Now, people seem to be reevaluating their outlook on these formerly demonized drugs and are instead looking for ways to harness psychedelics’ medicinal properties for mental and physical improvement. Momentum is building quickly. Clinical trials are beginning to show real potential in the use of psychedelics for the treatment of depression, anxiety, post-traumatic stress disorder (PTSD), addiction, eating disorders, and emotional suffering caused by diagnosis of a terminal illness. The US Food and Drug Administration (FDA) has already approved the use of ketamine for therapeutic purposes with MDMA and psilocybin set to follow [7]. Psilocybin has also been decriminalized in cities across the US and was completely legalized for medical use in the entire state of Oregon in November 2020. Entrepreneurs and investors are flocking to startups such as MAPS Public Benefit Corporation and Compass Pathways, which are currently developing psychedelic drugs for therapeutic application. Research centers have been cropping up across the country as well, even at prestigious institutions like John Hopkins School of Medicine and Massachusetts General Hospital. 

So how do psychedelics work? In truth, scientists still don’t know exactly what happens to neural circuitry under the influence of these mind-altering drugs. While more research is required to fully understand how psychedelics affect the brain, there are some findings that help clarify this mystery. For example, the major group of psychedelics—called the “classic psychedelics”—closely resembles the neurotransmitter serotonin in terms of molecular structure [8]. This group includes psilocin, one of the important components of magic mushrooms; 5-MeO-DMT, which is present in a variety of plant species and at least one toad species; and LSD, also known as acid [8]. What they all have in common is a tryptamine structure, characterized by the presence of one six-atom ring linked to a five-atom ring [8]. This similarity lends itself to a strong affinity between these psychedelics and serotonin receptors in the cerebral cortex, particularly the receptor 5-HT2A [8]. The implication of this is that psychedelics can have a significant and widespread influence on brain chemistry, given that serotonin is one of the main neurotransmitters in the brain and plays a major role in mood regulation [9].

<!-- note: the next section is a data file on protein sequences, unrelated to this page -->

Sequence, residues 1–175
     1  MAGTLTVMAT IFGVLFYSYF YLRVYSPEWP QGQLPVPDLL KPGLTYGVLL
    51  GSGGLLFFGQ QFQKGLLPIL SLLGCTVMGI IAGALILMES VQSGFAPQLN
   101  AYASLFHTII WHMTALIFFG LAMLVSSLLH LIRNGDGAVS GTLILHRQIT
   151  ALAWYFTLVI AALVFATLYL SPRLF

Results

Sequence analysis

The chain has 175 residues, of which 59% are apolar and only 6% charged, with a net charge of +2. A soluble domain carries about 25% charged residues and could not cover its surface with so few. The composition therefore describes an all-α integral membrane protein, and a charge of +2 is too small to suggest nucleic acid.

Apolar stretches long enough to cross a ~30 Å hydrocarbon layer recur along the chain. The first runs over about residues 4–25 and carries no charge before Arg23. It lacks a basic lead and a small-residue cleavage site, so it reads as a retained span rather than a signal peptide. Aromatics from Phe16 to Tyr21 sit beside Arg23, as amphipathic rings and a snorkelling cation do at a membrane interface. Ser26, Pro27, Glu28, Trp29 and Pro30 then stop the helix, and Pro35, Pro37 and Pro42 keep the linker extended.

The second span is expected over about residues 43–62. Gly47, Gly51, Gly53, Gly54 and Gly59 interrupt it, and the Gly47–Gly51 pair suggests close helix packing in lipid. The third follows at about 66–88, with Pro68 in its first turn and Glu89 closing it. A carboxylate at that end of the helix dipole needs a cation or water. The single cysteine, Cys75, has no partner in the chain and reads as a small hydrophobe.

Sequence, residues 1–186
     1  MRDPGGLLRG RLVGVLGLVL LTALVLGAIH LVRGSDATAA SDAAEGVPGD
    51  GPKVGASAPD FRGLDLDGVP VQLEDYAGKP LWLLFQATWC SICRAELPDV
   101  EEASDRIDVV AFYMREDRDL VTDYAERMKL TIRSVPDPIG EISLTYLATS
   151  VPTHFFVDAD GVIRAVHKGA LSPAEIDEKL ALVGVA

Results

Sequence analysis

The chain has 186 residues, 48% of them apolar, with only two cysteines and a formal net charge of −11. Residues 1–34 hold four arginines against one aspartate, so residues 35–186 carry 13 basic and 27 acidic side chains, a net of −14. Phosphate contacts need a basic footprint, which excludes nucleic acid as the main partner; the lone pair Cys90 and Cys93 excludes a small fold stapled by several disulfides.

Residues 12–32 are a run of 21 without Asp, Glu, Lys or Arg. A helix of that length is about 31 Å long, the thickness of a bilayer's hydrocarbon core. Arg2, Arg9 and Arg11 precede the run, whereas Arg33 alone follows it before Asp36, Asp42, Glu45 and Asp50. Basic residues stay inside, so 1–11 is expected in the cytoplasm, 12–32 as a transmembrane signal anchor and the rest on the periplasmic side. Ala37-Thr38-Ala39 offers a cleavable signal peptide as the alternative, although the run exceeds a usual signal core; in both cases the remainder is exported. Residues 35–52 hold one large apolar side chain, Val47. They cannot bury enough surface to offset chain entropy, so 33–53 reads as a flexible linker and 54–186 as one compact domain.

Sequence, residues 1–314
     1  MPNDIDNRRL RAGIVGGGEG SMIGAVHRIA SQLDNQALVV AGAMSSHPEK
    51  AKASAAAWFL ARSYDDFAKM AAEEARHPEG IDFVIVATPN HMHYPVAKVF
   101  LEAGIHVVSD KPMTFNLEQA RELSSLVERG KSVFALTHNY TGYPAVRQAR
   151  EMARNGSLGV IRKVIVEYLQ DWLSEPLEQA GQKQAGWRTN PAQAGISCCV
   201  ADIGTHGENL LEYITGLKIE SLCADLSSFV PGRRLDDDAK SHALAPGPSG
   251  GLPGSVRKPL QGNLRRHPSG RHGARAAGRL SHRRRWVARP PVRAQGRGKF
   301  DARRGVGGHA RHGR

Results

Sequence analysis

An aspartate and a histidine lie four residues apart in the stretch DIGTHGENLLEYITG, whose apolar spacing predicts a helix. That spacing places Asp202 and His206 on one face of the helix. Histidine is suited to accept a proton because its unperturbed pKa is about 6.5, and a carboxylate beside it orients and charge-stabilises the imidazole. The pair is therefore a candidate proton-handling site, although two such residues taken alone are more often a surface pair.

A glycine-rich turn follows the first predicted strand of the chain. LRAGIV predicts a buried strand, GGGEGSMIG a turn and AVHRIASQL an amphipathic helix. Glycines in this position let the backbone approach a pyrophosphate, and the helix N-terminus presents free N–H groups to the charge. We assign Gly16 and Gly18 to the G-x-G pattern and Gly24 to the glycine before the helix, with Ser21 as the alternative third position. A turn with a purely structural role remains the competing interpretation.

What follows is a poorly understood cascade of effects that causes disorganized activity across the brain [10]. At the same time, it seems that the brain’s default-mode network gets inhibited. British researcher Robin Carhart-Harris recently discovered this by dosing study participants with either psilocybin or LSD and examining their neural activity with the help of fMRI (functional magnetic resonance imaging). Rather than seeing what most people expected—an excitation of brain networks—Dr. Carhart-Harris found a decrease of neuronal firing in the brain, specifically in the default-mode network. According to Michael Pollan, author of the best-selling book on psychedelics How to Change Your Mind, this network is a “tightly linked set of structures connecting the prefrontal cortex to the posterior cingulate cortex to deeper, older centers of emotion and memory.” Its function appears to involve self-reflection, theory of mind, autobiographical memory, and other components that aid us in creating our identity. In other words, the ego—the conscious sense of self and thus the source of any self-destructive thoughts that may arise—seems to be localized in the default-mode network. This network is at the top of the hierarchy of brain function, meaning it regulates all other mental activity [10].